By Sarah Goldmuntz, Intern
The debate about zoning of natural gas drilling and hydraulic fracturing has intensified with a recent decision by a Pennsylvania appellate court that struck down crucial parts of the law known as Act 13. The law would have required that drilling, waste water pits and pipelines be allowed in all zoning districts, effectively giving zoning rights to state agencies. Those against the law, particularly local governments and anti-fracking activists, contended that the law was unconstitutional because it would have revoked the zoning power traditionally reserved to municipalities. Opponents also feared that fracking activities would become rampant in residential neighborhoods, which might have exposed inhabitants to unintended harm.
Even some in favor of fracking opposed the law because of its implications for other businesses that are typically regulated at the local level. In particular, opponents worried that the law would have given the state permission to approve coal portals, washing plants and other such industries in all neighborhoods, which have the potential to compromise air and water quality.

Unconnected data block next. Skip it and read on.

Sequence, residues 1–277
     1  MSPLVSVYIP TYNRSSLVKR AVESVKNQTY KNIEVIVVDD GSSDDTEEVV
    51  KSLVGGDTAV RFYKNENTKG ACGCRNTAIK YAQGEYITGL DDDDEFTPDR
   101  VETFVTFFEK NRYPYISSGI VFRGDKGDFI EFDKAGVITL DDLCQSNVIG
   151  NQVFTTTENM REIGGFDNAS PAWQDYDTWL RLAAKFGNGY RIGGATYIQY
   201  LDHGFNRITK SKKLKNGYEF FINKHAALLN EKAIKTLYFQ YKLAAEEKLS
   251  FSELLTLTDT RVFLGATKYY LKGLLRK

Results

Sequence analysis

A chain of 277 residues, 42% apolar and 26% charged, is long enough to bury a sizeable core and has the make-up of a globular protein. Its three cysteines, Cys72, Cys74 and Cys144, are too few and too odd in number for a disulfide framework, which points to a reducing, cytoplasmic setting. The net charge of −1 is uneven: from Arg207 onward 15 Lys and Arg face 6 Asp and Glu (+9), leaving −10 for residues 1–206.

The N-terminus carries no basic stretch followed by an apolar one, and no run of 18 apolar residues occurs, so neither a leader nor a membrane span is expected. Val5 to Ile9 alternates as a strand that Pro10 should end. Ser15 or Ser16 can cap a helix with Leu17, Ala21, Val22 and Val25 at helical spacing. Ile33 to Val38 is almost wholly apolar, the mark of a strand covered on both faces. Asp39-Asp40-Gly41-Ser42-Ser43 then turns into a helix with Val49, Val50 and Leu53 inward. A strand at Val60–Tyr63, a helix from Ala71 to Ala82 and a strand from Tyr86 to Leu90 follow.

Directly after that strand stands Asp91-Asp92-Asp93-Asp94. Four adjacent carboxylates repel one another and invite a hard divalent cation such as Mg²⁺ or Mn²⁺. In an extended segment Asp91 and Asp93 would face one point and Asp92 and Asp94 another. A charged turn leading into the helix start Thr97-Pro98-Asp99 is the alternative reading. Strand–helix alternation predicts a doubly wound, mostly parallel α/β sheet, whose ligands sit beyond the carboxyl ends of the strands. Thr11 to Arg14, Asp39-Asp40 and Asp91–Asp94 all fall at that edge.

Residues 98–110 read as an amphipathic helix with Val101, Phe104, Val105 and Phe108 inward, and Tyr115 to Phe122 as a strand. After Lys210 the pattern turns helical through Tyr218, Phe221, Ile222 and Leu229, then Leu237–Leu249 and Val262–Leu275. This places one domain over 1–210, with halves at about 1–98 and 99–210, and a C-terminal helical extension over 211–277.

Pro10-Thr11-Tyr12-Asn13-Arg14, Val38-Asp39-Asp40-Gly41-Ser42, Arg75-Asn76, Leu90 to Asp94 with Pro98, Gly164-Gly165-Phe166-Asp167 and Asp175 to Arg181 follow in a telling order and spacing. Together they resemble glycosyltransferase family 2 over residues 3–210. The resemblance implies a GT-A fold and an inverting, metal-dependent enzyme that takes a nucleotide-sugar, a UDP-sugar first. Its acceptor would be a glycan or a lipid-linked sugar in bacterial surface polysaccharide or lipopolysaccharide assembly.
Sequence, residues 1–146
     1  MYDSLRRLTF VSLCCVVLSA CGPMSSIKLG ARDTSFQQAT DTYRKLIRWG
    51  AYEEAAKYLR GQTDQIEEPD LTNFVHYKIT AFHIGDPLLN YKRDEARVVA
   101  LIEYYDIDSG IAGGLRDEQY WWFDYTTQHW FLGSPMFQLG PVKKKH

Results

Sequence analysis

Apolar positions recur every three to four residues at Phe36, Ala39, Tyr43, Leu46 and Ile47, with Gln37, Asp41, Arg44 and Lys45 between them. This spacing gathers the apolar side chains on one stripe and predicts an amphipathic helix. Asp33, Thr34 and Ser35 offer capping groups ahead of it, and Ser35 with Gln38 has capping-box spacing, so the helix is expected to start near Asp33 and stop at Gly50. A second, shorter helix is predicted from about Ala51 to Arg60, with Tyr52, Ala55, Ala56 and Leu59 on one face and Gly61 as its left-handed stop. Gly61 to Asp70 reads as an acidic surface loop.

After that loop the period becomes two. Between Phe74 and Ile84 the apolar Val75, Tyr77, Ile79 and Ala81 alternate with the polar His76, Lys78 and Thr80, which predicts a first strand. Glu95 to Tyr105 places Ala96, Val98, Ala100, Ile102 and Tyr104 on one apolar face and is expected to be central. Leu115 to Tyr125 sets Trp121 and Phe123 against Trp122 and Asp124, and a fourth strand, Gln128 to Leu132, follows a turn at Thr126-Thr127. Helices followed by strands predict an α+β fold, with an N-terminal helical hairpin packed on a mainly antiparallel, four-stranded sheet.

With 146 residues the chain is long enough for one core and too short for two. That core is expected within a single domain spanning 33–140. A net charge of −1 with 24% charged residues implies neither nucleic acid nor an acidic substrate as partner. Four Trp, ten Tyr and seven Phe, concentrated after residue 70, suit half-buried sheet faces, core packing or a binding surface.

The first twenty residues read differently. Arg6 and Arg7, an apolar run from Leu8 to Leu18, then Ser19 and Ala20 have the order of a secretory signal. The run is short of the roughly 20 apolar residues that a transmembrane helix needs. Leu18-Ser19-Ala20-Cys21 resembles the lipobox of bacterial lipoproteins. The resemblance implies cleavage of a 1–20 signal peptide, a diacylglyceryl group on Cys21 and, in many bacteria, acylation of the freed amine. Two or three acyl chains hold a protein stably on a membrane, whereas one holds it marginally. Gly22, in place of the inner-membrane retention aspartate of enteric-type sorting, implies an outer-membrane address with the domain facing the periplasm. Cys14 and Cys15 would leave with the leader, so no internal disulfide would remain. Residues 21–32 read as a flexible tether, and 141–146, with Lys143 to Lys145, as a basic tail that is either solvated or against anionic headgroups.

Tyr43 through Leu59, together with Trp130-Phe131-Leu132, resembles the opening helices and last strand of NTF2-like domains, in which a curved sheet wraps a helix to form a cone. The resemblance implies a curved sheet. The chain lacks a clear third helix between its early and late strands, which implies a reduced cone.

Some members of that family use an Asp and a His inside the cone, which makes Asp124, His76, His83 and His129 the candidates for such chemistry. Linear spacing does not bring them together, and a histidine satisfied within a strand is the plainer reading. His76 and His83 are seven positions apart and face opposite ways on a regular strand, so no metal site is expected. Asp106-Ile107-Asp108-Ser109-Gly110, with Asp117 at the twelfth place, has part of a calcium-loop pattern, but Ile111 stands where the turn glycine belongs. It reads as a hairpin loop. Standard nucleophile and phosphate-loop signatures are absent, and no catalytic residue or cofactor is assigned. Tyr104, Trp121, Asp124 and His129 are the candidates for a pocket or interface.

In the case Robinson Township vs. The Commonwealth of Pennsylvania, the court sided with the opponents of the law in a 4-3 decision. The majority opinion, written by President Judge Dan Pellegrini, concluded that the law would have violated the state constitution and invalidated many existing municipal zoning regulations. The decision returns zoning control to municipal agencies, allowing them direct oversight of fracking and other activities in their boundaries.
Proponents of Act 13, primarily those in the natural gas industry and Pennsylvania Governor Tom Corbett, contended that the law could have helped create uniform drilling regulations, thereby promoting the safe and expedited development of natural gas resources. Supporters further argued that by overturning the law, Pennsylvania would miss out on effectively developing its natural gas industry.
The Pennsylvania Attorney General has appealed the decision, and the case could go to the State Supreme Court as early as October.